Accidental disability retirement – determining proximate cause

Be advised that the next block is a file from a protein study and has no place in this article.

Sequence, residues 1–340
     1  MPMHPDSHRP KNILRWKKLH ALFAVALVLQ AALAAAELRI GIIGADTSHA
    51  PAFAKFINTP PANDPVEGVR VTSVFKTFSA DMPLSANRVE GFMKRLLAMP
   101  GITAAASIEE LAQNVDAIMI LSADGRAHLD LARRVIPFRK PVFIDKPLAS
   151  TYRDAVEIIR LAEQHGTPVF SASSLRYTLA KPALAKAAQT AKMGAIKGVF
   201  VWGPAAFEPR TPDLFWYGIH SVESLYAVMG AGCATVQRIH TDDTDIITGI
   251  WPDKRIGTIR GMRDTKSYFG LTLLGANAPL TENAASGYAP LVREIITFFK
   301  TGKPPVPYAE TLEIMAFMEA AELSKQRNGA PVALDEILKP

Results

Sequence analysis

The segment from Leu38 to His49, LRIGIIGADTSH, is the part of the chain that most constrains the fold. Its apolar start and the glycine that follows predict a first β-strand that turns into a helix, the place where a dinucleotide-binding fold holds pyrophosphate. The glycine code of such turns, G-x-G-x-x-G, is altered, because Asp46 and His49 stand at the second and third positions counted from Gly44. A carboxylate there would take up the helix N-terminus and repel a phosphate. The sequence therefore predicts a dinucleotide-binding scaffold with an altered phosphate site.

Accidental disability retirement – determining proximate causeSepanara v NYS Employees' Retirement System, 272 AD2d 830 City of Johnstown police officer Michael C. Sepanara, claiming that he was permanently disabled as a result of a line-of-duty injury, filled applications for accidental and performance of duty disability retirement benefits. According to the facts set out in the Appellate Division's decision, Sepanara was on duty when he stumbled and fell on a broken piece of asphalt in an eroding parking lot, allegedly sustaining neck, wrist and back injuries. Sepanara testified at the hearing held by the Retirement System and he and the System elected to rely upon medical records presented at the hearing. The Retirement System conceded that Sepanara was disabled — but concluded that neither his slipping or falling in the parking lot was the cause of his disability. Essentially the System decided that Sepanara's disability was the sole result of a preexisting degenerative back condition. The Comptroller agreed and denied Sepanara's applications for disability retirement benefits. Sepanara sued, seeking to overturn the Comptroller's determination. The Appellate Division affirmed the Comptroller's ruling, holding that Sepanara failed to sustain his burden of proving that his permanent disability was the natural and proximate result of the April 1995 accident. The court pointed out that the relevant medical records indicated that Sepanara began experiencing neck and shoulder pain in the 1980s and was diagnosed with degenerative cervical abnormalities and arthritis in his neck as early as 1988. In addition, the System's medical experts, after examining Sepanara and reviewing his medical history, concluded that his chronic degenerative disc disease and arthritis of the cervical spine were the sole cause of [his] disability and that these conditions were completely unrelated to the April 1995 accident nor were they aggravated by that accident. While there was medical evidence that could support a finding that Sepanara's April 1995 accident was the proximate cause of his disability, it was within the Comptroller's authority to evaluate the conflicting medical opinions and to resolve the dispute by according greater weight to the considered opinions offered by [the System's] experts than to those offered by the other experts.

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